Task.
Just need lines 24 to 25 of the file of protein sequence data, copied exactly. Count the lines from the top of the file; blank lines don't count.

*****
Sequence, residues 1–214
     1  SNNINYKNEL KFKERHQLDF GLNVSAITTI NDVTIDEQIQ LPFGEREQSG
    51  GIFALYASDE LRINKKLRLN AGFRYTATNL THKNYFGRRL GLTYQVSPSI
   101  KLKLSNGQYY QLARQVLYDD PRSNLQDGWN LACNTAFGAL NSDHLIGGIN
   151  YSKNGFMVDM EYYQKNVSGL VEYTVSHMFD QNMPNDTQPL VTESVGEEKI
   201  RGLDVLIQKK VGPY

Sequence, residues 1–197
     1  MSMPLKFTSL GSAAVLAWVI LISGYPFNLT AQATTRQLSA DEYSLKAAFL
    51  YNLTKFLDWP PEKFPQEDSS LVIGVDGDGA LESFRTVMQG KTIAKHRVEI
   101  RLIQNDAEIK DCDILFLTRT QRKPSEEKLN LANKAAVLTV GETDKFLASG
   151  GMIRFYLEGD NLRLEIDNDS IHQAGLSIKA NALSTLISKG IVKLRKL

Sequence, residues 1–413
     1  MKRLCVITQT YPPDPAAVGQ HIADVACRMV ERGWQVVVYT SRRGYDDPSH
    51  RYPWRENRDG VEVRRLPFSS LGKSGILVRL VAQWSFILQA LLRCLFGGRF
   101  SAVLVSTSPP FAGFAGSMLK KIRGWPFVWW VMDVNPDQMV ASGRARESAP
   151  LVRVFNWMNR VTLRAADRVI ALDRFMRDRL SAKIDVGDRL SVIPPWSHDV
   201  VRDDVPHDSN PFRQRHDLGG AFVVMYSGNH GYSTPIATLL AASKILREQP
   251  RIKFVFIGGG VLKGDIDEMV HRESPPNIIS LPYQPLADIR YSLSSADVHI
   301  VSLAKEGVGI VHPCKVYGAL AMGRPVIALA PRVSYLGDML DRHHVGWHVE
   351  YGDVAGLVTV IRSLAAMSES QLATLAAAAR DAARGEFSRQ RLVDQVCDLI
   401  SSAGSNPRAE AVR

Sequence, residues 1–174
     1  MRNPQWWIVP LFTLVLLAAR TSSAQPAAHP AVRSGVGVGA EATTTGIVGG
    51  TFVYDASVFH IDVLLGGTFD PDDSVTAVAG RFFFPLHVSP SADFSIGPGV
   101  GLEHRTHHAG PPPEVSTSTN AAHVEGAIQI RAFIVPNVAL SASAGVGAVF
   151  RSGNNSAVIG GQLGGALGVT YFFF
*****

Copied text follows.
    51  TFVYDASVFH IDVLLGGTFD PDDSVTAVAG RFFFPLHVSP SADFSIGPGV
   101  GLEHRTHHAG PPPEVSTSTN AAHVEGAIQI RAFIVPNVAL SASAGVGAVF